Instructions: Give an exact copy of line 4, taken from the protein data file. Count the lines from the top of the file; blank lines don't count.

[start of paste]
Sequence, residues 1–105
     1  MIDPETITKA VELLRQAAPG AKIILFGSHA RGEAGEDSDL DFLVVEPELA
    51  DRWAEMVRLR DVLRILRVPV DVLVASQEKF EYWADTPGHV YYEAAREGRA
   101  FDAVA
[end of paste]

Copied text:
   101  FDAVA